The National Assessment of Education Progress (NAEP) is a nationwide assessment of students’ knowledge in a variety of subjects and is often referred to as the nation’s report card. These assessments cover a variety of subjects such as mathematics, writing, science, civics, reading, geography, U.S. History, and more. The NAEP is a standardized assessment sponsored by the U.S. Department of Education with tests that remain almost unchanged from one year to another; this provides a common metric to use when measuring the academic progress of students in various subjects over the course of time. The NAEP makes it possible to compare the performance of students in various states as well as across the nation.
According to NAEP results, California has out paced the rest of the nation by showing the most progress for the years ranging from 2009 to 2017. While the rest of the country has shown almost no gains during this time period, California’s NAEP scores for 8th grade math as well as 4th and 8th grade reading, have improved significantly. In fact, the increase in 8th grade reading scores are the highest in the nation with growth for 8th grade math scores tied for second place, and the increase in 4th grade reading scores also tied for second place.
NAEP scores for 4th grade math showed the least amount of growth; however, these math scores did show an increase while the NAEP scores for students in a number of other states actually fell. These rising NAEP scores indicate that students in the state of California are now approaching the national average, a significant improvement given the fact that California has a high number of children that come from low income families as well as the highest rate of English learners in the country.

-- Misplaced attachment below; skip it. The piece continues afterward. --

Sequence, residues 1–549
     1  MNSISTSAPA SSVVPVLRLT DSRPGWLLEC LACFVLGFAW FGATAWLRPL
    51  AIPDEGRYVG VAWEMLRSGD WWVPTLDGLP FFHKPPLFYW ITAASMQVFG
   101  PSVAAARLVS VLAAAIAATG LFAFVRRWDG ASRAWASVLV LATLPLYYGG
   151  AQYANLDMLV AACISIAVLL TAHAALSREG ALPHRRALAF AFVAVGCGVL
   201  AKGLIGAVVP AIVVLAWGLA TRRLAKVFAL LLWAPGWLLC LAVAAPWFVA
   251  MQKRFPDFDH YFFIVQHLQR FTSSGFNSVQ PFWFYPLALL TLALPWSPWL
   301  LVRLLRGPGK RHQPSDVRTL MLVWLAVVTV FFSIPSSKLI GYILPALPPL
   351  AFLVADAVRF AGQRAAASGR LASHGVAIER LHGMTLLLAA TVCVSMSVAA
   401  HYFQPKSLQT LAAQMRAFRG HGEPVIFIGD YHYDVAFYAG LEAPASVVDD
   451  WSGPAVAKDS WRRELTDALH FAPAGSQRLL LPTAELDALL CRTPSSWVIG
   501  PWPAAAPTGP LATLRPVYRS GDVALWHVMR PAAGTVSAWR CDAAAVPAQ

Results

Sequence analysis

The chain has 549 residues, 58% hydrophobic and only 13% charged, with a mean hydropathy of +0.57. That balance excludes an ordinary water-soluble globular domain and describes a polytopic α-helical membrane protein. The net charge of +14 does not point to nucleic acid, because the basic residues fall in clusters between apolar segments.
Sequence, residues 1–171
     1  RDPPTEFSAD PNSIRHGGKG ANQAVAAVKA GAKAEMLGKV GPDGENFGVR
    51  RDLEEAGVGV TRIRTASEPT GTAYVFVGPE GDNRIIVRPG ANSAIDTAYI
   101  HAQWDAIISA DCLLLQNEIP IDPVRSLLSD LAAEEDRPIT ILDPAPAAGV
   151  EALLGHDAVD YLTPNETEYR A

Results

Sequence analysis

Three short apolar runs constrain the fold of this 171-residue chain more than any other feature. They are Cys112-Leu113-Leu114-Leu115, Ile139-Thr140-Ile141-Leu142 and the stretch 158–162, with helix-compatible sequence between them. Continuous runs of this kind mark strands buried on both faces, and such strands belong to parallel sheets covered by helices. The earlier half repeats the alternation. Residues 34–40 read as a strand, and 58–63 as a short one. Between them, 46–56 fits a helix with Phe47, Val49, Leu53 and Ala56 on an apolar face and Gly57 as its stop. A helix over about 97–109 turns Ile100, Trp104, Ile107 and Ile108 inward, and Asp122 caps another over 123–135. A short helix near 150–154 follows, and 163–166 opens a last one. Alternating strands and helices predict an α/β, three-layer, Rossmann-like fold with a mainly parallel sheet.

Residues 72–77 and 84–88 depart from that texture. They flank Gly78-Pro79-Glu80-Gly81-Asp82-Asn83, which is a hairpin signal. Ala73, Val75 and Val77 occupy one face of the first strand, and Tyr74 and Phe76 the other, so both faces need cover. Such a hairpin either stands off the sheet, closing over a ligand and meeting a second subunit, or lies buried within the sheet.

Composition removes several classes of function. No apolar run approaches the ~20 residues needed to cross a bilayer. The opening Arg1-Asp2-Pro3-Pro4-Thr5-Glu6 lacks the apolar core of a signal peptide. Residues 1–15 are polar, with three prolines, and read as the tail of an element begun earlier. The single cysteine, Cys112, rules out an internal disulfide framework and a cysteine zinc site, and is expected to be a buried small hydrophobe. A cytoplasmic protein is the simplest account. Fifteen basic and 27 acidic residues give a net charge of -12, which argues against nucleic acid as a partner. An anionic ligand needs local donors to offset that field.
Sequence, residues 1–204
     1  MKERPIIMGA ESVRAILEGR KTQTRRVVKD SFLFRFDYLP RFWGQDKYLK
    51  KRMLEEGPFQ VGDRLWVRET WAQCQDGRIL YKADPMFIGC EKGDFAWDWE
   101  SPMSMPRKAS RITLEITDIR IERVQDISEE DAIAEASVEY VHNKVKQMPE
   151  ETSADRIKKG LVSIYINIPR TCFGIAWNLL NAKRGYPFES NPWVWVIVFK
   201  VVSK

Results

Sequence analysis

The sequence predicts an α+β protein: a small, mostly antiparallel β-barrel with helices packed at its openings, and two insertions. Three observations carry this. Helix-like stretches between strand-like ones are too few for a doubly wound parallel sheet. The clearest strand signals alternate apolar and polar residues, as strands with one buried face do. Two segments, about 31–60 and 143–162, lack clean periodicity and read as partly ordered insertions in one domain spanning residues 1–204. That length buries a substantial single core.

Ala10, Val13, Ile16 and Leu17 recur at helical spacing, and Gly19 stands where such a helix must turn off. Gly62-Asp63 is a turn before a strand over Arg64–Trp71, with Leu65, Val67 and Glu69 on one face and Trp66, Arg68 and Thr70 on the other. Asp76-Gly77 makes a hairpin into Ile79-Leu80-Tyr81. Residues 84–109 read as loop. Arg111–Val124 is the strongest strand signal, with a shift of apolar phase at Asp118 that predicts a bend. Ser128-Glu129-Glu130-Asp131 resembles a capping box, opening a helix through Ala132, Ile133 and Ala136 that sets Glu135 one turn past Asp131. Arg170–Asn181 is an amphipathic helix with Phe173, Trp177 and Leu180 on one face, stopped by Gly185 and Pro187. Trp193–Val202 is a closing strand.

While there are a number of factors that have contributed to the rise in NAEP scores for California students, one striking change that seems to be at the center of this impressive period of growth is the implementation of Common Core standards. Comparing the current scores to the NAEP scores taken from 2009 to 2017 were important indicators of how the switch to a Common Core education might have been a key factor in helping bring students in California closer to the national average.